Date: 9th February 2012 at 9:27am
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With all the Formula One teams except McLaren moving in the direction of the ugly nose design, many have questioned if McLaren have got it wrong.

The reason for the changes is because in 2012 the new FIA regulations require a lower nose for safety purposes, however the height of the chassis behind a certain point has remained the same as previous seasons, which leaves this rather unsightly appearance in the design for the majority of the grid.

However over the past few years McLaren have run with a low-chassis design, while Red Bull run with a high-chassis, which over time has been incorporated by the other teams as Red Bull have been the team to beat.

But McLaren’s low-chassis concept has left the design so much sleeker, so much more traditional and so much prettier than the awful designs that the likes of Ferrari have gone for.

The fact that Red Bull appear to have incorporated some kind of air duct into their design has also made people wonder if McLaren are either ahead of the game or tight behind the eight-ball when it comes to the 2012 design.

‘This new rule came along and, like every year, you do revisit this stuff, So we revisited it, did our sums again and decided that we would stick with the philosophy we have got.’ McLaren Technical director Paddy Lowe told Autosport Magazine.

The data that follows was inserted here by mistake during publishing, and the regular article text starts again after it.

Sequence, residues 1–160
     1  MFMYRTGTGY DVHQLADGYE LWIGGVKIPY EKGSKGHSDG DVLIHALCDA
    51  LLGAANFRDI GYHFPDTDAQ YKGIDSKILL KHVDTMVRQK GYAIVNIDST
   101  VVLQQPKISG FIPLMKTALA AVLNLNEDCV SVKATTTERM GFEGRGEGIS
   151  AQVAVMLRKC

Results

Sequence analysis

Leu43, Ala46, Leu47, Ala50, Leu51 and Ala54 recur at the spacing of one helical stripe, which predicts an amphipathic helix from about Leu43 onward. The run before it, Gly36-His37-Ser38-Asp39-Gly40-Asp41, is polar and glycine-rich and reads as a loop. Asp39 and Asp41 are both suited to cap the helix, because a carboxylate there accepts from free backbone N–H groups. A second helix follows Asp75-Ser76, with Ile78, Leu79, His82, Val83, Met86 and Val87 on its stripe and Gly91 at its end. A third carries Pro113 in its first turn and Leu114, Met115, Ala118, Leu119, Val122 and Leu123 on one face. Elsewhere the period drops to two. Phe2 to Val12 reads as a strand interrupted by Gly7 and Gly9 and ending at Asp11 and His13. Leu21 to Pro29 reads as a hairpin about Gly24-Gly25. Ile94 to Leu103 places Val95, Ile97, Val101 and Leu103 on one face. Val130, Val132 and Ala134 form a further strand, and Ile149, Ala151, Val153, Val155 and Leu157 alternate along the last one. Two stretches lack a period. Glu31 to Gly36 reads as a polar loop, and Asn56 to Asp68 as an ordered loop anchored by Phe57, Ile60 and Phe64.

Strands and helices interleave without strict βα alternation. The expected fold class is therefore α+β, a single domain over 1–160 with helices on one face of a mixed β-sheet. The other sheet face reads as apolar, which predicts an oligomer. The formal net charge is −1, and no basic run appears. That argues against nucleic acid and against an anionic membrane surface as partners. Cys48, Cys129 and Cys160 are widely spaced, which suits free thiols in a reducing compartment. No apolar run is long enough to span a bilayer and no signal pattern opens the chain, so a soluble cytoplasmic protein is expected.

‘Different teams will come out with different answers to those equations always, because they have different sensitivities. There is no good or bad way – so that rule has not affected us.

‘My model of it is that it’s not a case of us missing some trick. It is not a trick or a loophole that we did not spot. We have always known that you can lift your chassis there, but have chosen to not do it now. We did not do it before either, when there was not nearly the same constraint that you have now. That is the philosophy we have gone with.’


McLaren of course will remain confident that they have got it right, but with them appearing to be pulling in one direction and the rest of the grid pushing in the other, it has left an intriguing question ahead of the new season.

Have McLaren got it right?

 

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